VELGA VEVERE: "Kierkegaard’s Epic Theatre: Prefaces and Forewords to Pseudonymous Writings"
Dr.phil., professor - University of Latvia (Riga, Latvia)

[Original English version]


In the preface to his book, signed by Nicolaus Notabene “Prefaces” Kierkegaard describes a thought experiment: “Yet no one thinks about what might be gained if one or another literatus [literary type] could be trained to read only prologues, but to do it so thoroughly that he would begin with the earliest times and advance through all the centuries down to our own day.”[1] He concludes that the art of prefaces has received a deathblow in the modern authorship, since prefaces have become accidental, insignificant; he then declares his intention to make the break in earnest. “This indicates that a preface is something entirely different from a book and that to write a preface is something entirely different, from writing a book.”[2] In my opinion, these Kierkegaard’s statements can be perceived as some kind of provocations, i.e., what if someone dares to read thoroughly through his prefaces; and what if the prefaces are viewed in the context of his existential communication (prefaces as interrupted communication bearing no relation to the main body of the text creates a tension, anxiety within the reader that stimulates his self-reflection). In the present lecture I would like to yield to Kierkegaard’s provocation and follow through all his prefaces to the pseudonymous works as important part of his project of existential communication. As a tool of interpretation I will employ the concept of the alienation effect (Verfremdungseffekt), also translated as the defamiliarization effect proposed by the German playwright Bertold Brecht. He formulates this principle in the essay “Alienation Effects in Chinese Acting”: “The effects in question were directed to playing in such a way that the audience was hindered from simply identifying itself with the characters in the play.”[3]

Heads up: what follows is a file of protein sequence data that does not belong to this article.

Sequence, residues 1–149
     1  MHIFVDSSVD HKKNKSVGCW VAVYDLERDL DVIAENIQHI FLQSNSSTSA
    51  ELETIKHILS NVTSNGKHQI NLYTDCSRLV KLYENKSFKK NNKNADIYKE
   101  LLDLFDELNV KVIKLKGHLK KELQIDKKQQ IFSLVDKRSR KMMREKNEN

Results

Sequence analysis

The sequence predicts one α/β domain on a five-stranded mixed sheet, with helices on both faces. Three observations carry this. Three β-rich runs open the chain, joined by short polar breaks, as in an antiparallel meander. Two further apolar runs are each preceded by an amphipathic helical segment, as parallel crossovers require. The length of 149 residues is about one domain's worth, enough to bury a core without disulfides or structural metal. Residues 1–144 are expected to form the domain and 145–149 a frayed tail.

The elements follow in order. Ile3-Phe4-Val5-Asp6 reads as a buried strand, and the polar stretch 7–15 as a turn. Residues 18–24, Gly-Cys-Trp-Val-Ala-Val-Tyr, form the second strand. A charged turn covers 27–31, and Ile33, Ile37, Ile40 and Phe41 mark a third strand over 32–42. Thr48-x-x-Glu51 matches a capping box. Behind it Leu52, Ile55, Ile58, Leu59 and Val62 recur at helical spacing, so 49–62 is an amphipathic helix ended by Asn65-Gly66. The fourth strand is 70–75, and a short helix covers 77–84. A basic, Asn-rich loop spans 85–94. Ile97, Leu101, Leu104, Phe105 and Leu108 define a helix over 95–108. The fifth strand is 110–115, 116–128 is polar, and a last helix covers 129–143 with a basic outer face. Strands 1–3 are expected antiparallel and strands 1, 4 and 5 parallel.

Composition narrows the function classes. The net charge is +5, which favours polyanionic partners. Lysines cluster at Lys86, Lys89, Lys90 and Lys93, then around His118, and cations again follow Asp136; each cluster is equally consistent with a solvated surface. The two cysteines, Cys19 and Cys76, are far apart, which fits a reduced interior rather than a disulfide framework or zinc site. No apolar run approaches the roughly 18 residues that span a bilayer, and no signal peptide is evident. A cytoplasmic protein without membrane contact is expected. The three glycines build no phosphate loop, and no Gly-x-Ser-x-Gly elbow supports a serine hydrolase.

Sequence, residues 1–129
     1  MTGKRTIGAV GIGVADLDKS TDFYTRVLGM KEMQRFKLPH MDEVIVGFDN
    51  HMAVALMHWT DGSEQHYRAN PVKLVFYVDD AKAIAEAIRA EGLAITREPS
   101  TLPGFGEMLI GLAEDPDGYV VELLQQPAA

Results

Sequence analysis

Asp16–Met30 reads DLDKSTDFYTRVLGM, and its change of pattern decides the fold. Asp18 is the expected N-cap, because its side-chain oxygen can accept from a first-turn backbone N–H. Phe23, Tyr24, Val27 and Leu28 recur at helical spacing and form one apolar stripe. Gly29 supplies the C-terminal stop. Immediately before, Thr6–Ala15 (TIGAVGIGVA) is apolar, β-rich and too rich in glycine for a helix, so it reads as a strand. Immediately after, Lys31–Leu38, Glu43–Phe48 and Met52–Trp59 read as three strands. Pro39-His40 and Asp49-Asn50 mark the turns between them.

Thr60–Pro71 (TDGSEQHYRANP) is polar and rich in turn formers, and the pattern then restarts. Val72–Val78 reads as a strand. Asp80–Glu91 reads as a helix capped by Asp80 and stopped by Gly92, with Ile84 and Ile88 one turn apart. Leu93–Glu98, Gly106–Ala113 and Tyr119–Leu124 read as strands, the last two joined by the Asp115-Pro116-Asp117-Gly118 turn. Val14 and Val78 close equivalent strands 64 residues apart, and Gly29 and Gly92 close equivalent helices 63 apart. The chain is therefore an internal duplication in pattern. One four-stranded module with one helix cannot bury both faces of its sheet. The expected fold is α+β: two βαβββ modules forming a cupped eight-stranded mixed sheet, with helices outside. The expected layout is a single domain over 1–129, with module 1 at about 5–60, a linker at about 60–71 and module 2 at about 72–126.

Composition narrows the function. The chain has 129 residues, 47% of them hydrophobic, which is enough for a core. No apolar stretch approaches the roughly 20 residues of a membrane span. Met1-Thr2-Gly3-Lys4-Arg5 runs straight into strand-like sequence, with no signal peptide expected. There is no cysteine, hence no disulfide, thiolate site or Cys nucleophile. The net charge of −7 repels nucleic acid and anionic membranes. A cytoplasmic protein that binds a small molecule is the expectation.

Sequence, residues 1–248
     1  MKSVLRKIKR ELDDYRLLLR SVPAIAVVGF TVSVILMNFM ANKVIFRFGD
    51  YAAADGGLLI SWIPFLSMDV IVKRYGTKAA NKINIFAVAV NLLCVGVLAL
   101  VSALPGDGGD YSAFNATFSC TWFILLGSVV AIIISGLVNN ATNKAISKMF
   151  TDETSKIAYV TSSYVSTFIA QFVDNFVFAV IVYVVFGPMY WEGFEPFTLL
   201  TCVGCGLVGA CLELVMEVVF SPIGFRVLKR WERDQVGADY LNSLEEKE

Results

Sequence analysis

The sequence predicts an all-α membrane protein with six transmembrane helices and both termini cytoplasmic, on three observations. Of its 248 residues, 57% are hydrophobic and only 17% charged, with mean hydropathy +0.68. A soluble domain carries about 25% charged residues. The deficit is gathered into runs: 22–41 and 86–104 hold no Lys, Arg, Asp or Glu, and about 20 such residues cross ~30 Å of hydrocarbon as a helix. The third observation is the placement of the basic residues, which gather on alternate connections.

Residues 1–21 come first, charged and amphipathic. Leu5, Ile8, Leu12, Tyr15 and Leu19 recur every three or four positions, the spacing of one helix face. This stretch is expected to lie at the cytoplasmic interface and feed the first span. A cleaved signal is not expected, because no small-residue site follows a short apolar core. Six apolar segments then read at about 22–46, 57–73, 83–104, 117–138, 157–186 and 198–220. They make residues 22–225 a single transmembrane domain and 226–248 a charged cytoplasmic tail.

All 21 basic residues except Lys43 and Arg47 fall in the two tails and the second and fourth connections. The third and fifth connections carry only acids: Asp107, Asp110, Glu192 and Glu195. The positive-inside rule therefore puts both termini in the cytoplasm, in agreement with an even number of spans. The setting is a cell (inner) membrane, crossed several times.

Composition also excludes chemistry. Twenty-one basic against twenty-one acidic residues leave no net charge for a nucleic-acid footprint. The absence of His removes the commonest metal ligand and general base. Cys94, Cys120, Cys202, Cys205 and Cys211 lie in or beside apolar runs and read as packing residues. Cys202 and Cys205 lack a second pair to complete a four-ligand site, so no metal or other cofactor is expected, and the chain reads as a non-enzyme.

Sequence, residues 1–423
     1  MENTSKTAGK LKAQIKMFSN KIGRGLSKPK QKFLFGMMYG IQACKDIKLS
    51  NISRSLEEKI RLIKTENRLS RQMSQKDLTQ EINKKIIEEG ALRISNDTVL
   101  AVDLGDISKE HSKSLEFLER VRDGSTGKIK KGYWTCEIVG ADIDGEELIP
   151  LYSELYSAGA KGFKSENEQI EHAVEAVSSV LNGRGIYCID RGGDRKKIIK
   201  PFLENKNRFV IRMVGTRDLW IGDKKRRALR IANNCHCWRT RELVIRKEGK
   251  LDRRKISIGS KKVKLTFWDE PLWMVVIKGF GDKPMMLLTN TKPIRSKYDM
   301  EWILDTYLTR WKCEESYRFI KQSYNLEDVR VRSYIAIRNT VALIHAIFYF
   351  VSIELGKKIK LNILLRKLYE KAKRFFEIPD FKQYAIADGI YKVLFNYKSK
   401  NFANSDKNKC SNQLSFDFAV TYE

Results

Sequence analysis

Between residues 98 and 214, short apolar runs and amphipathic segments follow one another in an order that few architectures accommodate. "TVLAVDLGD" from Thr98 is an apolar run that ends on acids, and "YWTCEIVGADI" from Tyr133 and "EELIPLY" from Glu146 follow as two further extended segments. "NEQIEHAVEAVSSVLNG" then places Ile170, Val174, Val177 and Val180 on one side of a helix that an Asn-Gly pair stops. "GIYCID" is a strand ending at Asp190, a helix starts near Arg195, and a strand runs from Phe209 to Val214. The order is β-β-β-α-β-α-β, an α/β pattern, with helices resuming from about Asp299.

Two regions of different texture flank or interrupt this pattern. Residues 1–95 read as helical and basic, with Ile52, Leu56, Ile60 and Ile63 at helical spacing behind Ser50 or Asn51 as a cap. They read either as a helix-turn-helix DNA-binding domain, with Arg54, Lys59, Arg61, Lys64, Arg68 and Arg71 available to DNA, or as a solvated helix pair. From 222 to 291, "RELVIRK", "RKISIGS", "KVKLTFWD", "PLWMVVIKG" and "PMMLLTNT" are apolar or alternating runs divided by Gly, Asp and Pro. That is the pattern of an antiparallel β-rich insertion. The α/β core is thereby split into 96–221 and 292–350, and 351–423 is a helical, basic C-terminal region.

Game of prefaces in philosophy
The role of prefaces in literature and philosophy is the special one, they play different functions – to introduce, to explain, to orientate the potential reader, as well as hinder and disorientate. In philosophy the theme of prefaces was disclosed by Hegel, Kierkegaard, Nietzsche, Derrida. Although, in general, the prefaces serve as a hermeneutical tool for text interpretation, in some cases prefaces leave the reader quite confused, since they are not related to the main text. Thus, for example, French literary critic Gerard Genette in his book “Paratexts. Thresholds of interpretation” characterizes the preface as a threshold to be overstepped in order to get to the main body of text, or it can preclude the entrance whatsoever. Still, in both cases it presupposes pausing. He writes: “Indeed, this fringe, always the conveyor of a commentary that is authorial or more or less legitimated by the author, constitutes a zone between text and off-text, a zone not only of transition but also of transaction: a privileged place of a pragmatics and a strategy, of an influence on the public, an influence that - whether well or poorly understood and achieved - is at the service of a better reception for the text and a more pertinent reading of it (more pertinent, of course, in the eyes of the author and his allies).”[4] The unique place of preface as fore-text outside the text has been noted also by Jacques Derrida in his “Disseminations”. He writes: "From the viewpoint of the fore-word, which recreates the intention-to-say after the fact, the text exists as something written--a past--which under the false appearance of a present, a hidden omnipotent author (in full mastery of his product) is presenting to the reader as his future. Here is what I wrote, then read, and what I am writing that you are going to read. After which you will again be able to take possession of this preface which in sum you have not yet begun to read, even though, once having read it, you will already have anticipated everything that follows and thus might just as well dispense with reading the rest."[5] In other words, the author speaks about the impossibility of a pre-face, a text before text.